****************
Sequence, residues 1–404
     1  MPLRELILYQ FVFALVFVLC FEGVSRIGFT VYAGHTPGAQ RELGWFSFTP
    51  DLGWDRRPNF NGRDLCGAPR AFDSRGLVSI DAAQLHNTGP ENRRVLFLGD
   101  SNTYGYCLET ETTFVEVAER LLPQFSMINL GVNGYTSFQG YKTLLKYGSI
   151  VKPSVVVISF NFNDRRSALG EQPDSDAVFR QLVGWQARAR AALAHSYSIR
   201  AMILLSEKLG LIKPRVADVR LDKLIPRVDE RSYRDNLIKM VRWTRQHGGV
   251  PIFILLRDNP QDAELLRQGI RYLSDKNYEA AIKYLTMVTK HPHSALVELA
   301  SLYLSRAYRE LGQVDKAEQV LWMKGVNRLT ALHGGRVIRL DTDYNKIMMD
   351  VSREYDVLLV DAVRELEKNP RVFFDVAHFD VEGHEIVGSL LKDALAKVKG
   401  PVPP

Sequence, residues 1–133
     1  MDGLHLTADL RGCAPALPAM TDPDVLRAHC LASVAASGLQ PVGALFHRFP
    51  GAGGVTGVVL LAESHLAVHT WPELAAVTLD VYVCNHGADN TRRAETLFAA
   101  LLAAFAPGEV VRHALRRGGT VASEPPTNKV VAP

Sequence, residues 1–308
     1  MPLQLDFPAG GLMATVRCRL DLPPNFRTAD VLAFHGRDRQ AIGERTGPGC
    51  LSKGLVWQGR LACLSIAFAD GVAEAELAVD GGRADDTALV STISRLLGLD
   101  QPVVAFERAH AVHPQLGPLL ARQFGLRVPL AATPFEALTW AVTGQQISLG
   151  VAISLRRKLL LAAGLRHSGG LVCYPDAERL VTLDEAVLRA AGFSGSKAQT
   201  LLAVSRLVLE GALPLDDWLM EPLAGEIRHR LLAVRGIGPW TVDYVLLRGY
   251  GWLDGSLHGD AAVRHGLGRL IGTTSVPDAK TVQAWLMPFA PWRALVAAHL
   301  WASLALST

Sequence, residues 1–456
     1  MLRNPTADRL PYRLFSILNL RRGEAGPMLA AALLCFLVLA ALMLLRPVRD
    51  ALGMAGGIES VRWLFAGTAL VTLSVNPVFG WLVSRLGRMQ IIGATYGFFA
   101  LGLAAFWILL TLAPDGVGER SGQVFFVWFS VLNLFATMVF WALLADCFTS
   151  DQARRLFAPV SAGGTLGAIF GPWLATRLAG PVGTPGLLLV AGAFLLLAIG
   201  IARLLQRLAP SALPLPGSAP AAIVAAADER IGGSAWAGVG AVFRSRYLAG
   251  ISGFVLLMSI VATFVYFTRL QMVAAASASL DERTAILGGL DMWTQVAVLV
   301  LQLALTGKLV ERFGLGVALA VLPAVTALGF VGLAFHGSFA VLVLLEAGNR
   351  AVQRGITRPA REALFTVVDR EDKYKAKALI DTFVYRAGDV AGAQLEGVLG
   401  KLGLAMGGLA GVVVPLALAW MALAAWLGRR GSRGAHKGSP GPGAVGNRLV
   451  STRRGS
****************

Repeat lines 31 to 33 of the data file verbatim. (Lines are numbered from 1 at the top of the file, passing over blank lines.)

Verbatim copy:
   351  AVQRGITRPA REALFTVVDR EDKYKAKALI DTFVYRAGDV AGAQLEGVLG
   401  KLGLAMGGLA GVVVPLALAW MALAAWLGRR GSRGAHKGSP GPGAVGNRLV
   451  STRRGS